I ran out of stuff that I wanted to read, so I picked up my copy of Kafka short stories. I opened it up almost, but not quite, at random to a story called "Investigations of a Dog". I stared at the title for a long time, with some trepidation. I checked to see how long it was, just to see what I was in for. 38 pages of small print. 38 pages of challenging reading. I was tired, I was looking at this while in bed, and I wondered if I really wanted to do this to myself. Did I want to put myself through this?
I figured why not.
So I started reading. By the second page I found myself going back and re-reading portions of the first page, just to double check my understanding, to make sure I hadn't missed something. It is not light reading.
I don't know what it is with my run-ins with Kafka through the years. I'm not sure why I've kept that book. Part of the reason is I take it as a personal challenge, I think. I will not admit that I cannot get thru, and understand, any piece of literature that is written in English, no matter how difficult. I don't have this problem with people like Faulkner. Heck, I don't even have it with Hermann Hesse, I've read both Siddhartha & Steppenwolf and maybe a few other things he's written. Just Kafka. Why is that?
Of course I'm reading translations. I'm not sure if Kafka wrote in German or Czech (I should find that out), but what ever it was, it was the 19th century version of the language. To do it justice, the translation should reflect that, and it sort of does. There are long sentences, lots of clauses, lots of passive voice writing, not lending itself to any kind of college Freshman Composition class. So it's hard to read from that perspective.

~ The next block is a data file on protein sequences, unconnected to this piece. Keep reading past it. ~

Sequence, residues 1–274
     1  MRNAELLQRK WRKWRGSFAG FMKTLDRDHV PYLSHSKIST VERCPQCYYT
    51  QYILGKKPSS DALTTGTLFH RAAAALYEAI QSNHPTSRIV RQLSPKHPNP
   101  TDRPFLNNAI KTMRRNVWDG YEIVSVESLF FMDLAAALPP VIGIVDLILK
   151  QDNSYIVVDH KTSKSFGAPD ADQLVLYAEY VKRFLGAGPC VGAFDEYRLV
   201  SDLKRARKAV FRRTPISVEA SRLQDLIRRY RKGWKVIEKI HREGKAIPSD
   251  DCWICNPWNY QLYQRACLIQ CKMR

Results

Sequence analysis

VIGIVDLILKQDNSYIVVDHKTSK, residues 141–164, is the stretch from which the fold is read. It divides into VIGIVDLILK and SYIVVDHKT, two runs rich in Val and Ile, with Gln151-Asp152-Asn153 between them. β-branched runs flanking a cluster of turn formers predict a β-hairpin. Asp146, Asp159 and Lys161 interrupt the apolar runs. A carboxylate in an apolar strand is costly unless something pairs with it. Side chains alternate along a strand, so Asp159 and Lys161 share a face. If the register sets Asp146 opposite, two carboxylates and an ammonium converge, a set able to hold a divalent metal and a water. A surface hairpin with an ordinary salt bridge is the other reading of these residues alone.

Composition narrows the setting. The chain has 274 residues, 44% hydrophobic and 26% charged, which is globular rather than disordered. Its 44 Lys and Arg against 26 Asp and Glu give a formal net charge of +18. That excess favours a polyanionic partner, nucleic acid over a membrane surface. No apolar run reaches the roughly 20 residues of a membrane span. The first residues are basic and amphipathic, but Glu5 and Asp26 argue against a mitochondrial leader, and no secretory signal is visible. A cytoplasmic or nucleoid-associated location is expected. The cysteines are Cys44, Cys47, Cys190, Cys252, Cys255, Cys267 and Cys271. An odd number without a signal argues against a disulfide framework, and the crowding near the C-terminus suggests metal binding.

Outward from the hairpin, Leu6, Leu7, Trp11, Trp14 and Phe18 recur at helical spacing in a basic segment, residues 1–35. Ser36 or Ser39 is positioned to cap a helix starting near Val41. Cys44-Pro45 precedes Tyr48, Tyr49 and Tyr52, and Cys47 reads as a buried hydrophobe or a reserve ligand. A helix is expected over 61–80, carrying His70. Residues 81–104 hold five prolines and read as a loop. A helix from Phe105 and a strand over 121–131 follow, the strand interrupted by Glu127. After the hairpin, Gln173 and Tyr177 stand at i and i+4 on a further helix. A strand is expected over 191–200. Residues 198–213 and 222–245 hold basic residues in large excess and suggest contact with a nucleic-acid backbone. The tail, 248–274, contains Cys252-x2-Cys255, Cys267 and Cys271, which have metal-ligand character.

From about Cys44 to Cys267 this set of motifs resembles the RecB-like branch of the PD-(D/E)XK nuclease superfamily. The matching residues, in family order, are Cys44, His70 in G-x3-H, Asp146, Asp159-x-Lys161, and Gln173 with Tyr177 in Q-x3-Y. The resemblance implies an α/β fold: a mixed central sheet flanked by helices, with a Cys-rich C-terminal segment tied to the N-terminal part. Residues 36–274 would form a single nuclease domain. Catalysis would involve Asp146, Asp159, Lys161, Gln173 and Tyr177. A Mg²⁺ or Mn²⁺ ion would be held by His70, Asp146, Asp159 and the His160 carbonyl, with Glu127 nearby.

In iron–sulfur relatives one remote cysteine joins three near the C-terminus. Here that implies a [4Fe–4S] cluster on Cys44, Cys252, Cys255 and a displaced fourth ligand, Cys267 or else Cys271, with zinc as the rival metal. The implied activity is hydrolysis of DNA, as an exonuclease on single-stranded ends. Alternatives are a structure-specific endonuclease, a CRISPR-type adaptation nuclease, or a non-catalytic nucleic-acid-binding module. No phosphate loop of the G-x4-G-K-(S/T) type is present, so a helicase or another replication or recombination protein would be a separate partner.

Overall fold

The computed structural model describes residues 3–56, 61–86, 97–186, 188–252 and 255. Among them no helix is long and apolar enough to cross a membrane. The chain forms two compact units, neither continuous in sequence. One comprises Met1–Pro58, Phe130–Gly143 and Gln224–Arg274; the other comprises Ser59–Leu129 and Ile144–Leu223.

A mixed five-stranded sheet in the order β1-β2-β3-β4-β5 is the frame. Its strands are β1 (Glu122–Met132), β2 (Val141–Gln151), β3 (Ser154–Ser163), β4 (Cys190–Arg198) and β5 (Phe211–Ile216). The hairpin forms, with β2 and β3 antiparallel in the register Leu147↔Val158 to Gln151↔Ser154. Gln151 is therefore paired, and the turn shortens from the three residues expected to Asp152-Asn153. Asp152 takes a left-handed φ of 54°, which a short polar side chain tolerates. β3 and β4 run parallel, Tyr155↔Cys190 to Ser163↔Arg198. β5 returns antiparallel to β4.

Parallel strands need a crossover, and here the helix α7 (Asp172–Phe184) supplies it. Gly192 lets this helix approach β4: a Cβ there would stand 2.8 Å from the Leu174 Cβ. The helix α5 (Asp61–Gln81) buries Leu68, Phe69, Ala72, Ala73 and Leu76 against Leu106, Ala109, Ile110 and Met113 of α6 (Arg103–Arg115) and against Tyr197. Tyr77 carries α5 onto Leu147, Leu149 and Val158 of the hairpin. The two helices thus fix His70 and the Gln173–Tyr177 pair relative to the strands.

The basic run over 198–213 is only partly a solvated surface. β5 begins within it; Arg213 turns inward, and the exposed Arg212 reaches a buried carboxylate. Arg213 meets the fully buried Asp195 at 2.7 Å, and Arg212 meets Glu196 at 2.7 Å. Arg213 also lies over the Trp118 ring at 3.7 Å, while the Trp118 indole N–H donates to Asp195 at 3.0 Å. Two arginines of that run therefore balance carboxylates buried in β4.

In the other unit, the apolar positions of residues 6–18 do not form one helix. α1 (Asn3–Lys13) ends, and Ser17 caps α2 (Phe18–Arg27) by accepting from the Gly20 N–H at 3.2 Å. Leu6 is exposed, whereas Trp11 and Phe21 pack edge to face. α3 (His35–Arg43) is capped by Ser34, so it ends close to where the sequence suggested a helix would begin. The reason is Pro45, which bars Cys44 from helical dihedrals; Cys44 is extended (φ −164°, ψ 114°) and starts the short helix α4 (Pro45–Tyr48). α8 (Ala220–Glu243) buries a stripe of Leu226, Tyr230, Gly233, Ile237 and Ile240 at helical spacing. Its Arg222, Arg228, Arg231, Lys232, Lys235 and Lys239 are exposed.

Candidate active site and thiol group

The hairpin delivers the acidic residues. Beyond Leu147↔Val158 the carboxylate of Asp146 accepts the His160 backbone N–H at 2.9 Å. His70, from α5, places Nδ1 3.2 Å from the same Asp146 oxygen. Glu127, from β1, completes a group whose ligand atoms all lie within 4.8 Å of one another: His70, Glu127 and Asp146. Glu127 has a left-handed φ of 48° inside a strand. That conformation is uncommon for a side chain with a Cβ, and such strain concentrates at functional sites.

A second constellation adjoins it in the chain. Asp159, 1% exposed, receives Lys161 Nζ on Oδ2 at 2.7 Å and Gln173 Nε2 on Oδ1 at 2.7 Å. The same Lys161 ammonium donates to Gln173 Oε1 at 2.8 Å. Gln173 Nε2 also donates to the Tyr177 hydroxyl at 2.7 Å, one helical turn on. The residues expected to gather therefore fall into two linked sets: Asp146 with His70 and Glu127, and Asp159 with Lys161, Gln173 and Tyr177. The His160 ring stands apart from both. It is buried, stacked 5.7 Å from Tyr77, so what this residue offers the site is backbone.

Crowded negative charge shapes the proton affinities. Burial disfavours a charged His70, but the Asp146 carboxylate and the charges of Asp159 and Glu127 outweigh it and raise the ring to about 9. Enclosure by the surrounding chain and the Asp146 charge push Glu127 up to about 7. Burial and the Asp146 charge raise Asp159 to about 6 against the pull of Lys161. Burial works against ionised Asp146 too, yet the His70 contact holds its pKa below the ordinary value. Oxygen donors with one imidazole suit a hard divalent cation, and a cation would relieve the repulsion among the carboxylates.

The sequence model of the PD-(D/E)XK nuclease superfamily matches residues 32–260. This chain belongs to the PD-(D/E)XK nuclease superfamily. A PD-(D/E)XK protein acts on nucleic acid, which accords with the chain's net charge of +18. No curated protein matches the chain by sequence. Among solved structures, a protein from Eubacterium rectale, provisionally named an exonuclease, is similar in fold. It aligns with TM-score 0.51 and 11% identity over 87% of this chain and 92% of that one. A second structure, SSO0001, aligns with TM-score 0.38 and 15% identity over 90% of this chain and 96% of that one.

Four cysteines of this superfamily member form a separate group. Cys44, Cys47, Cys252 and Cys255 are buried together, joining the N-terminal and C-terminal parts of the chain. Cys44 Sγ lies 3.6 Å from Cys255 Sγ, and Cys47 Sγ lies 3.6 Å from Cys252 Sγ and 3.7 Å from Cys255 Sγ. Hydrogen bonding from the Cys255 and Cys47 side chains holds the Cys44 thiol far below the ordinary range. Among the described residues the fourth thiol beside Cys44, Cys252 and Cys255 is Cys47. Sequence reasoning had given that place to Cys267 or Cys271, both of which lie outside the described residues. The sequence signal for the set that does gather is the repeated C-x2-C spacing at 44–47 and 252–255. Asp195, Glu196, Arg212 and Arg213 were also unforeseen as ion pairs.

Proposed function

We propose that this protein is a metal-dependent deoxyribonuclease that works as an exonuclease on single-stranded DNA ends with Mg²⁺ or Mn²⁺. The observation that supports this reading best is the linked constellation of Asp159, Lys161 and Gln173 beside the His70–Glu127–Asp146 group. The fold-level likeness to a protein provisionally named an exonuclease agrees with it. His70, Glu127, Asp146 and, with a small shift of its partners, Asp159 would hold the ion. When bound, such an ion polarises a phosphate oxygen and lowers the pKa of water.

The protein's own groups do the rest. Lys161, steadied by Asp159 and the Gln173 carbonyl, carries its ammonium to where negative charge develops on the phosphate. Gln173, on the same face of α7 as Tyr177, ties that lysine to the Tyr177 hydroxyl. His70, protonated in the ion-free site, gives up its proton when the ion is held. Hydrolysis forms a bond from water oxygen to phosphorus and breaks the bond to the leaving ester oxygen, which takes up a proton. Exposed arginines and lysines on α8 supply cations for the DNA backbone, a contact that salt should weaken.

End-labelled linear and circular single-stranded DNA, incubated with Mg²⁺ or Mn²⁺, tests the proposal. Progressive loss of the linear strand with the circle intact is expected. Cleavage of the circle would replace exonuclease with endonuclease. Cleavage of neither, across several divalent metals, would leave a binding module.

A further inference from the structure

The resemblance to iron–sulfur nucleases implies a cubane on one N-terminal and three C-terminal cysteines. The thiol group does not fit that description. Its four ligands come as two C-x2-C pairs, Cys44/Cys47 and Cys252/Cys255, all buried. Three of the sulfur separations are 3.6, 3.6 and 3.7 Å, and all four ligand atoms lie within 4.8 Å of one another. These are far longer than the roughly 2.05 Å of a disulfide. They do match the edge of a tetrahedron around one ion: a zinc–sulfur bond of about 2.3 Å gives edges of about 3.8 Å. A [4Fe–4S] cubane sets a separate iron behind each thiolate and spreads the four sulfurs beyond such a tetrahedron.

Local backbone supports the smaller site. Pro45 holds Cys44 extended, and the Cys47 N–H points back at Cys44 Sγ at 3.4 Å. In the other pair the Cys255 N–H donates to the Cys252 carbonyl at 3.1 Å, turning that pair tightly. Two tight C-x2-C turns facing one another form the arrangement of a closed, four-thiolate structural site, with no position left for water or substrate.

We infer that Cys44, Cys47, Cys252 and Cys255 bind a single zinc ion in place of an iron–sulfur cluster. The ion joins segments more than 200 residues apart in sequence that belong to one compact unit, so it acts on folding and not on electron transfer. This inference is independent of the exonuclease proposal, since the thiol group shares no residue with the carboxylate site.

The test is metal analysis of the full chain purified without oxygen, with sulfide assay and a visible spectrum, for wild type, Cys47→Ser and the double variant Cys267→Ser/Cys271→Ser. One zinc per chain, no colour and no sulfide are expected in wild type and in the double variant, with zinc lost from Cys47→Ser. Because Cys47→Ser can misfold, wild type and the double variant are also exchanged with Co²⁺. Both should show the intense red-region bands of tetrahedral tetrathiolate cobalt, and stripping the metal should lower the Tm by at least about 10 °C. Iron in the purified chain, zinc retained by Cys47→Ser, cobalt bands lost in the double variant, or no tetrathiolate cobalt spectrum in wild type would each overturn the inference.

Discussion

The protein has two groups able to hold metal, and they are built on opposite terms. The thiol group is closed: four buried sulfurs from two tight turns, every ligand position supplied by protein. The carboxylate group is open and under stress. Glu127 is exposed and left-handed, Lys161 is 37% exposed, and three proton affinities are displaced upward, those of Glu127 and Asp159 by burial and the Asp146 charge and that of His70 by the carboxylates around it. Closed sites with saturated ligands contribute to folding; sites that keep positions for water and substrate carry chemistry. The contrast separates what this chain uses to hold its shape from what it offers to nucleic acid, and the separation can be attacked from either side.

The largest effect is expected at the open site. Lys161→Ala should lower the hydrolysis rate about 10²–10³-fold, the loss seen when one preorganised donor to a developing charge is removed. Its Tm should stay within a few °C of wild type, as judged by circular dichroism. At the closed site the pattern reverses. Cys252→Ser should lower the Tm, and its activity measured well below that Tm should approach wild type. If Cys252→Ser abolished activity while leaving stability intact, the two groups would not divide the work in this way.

Also, its difficult to read because it's just so weird. You have to discover what is going on, and I find myself going back and re-reading because I either have trouble believing what I'm reading, or I lost the flow of the story somehow. This story, for example, is being told from the point of view of an apparently alienated, decidedly bohemian dog. And as the reader, I know nothing more than what the dog knows, nothing more than what the dog sees or experiences with his other senses. I know what the dog thinks, I know his opinions, and it is not easy to follow. The dog describes things in a way most humans wouldn't. Kafka is a very, very good writer. But at the moment, I have no idea where the story is going.
Everything Kafka has ever written is like that, at least to me. I've had this book for years. I guess I'll keep it and force my way thru a story every now and then.
He wrote a story about a man who woke up and found that he was a huge insect - his most famous, probably. He wrote another about a man sitting at the gates of heaven for years, afraid to ask permission from St. Peter to enter (I think). That one was a parable, and I'm still shaking my head. He wrote one about building the Great Wall of China, and after reading that I remember thinking, yep, that's pretty much what it was like being in the Army.
I'll read some more tonight. But I suspect I'll spend a week at least on those 38 pages.